The Mega Malls of Data
We are currently in the midst of the fourth industrial revolution, thanks to digitalisation, and we are anticipating the most significant societal changes in our history yet, but just how high can our expectations go? After all, it is in our nature to seek out ways to achieve more and experience better but with less time and effort.
Is retail dead?
Technology still has this image that it is merely what you can do with your smartphone, in the same way that consumerism is still associated with what you can buy. We fail to see how technology is quickly integrating into everything we do and the reason why? It makes us feel a tad uneasy.
We are becoming more and more empowered to demand what we need from our everyday experiences, our homes, our workspace and our transport
pushing creators of the built environment to explore the solutions that technology can offer in accommodating our rising expectations. A good example is when a new mall is designed; it’s now less focused on retail and more focused on entertainment, dining and the experiences that will keep us there for longer.
Traditionally malls were a place for us to see what new products our favourite brands have to offer, get all of our errands done at once and grab a bite to eat. We can do that all on our smartphones now, saving us a lot of time in comparison. As our head of Smart Places, Matthew Marson says “Retail isn’t dead, just how we experience it is”.
It’s safe to say that the current mega malls that have VR parks, Michelin Star restaurants, healthcare and interactive shopping are the malls that will survive the change to retail as we know it, but what about beyond that?
If you need to know one thing about Middle East innovation, its that anything seems possible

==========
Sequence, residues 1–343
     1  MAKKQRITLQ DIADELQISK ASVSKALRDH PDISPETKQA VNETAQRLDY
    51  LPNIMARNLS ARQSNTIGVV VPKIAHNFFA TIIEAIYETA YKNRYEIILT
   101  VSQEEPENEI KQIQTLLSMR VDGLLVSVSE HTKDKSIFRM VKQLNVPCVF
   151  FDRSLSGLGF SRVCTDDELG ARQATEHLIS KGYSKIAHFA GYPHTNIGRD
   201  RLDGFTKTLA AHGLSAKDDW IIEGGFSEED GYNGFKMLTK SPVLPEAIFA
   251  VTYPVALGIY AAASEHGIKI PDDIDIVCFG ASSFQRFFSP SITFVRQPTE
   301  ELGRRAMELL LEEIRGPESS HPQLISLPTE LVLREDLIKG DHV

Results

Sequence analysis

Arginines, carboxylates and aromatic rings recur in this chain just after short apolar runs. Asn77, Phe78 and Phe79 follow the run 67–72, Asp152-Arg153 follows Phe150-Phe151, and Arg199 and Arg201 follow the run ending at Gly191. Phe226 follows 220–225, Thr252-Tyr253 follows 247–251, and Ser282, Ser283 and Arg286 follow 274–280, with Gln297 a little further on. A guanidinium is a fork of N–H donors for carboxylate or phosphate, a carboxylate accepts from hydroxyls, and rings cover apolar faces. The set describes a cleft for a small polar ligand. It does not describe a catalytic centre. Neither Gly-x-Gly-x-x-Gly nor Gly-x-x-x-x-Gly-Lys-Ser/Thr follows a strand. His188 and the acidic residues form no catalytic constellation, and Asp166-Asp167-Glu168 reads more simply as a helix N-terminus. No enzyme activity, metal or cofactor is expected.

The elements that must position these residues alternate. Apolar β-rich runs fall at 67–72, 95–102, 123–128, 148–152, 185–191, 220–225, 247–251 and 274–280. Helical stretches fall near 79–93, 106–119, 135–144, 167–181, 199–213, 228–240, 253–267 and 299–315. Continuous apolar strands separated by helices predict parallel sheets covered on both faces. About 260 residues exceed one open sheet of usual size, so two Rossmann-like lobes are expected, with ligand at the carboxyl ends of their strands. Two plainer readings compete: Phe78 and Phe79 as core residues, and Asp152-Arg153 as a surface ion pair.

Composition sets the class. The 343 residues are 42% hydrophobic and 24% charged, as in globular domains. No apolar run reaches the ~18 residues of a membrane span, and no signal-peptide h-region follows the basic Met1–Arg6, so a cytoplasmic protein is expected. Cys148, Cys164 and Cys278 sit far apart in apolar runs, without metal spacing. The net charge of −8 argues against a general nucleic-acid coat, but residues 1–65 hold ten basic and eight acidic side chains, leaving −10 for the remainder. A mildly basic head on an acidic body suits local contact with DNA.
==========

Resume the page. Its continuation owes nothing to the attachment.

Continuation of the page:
and malls are no exception. Dubai is home to the biggest mall in the world, simply named The Dubai Mall which boasts the worlds biggest fish tank (and yes, you can swim with the sharks), with the world’s largest screen mounted wall above it and a 26 screen 2D – 4D movie theatre. The Mall of Emirates in Dubai has the worlds largest indoor ski slope, and the Mall of Qatar runs a summer camp for children and around the clock live performances.
It doesn’t stop there, demand from our malls is only increasing. The under-construction Cityland Mall in Dubai will have a huge park right in the centre, Reem Island Mall in Abu Dhabi will have the worlds largest indoor snow play venue and Kuwait’s Al Kout Mall is adding a go-kart track.
What else do we want from our malls of the future?
The truth is we can only guess what we may need or expect from a shopping mall in the future. One thing, though, is clear – if designed well, our malls could learn with us, they can adapt to the changes in our expectations, to the needs of the community around it and offer us an experience that is tailored to each and every individual. They can be a hub for families, business teams, sports fanatics, art lovers and foodies, whoever we are and whatever we love will determine the malls of the future, and it’s our behaviour now that will make all the difference.
Data is the key
Our personal data, our recordable habits, our interests and our dislikes are easily captured and hold the key to success not just for shopping malls but for workplaces, hospitals, hotels and even supermarkets. The more companies can learn about their customers or clients, the better the service they can offer, and the better the experience will be for us. So, if you could have a nearby megamall with everything you like, the way you like it in exchange for your data, would you be willing to trade?
Are you willing to embrace technology and data being the very veins of our malls, our homes and our workplaces?
If not, can we accept a future that doesn’t quite live up to the standards we are likely to expect?
In anticipating the future, we would be foolish not to acknowledge we have to be comfortable with our data being up for grabs by anyone. Either that or we get left behind.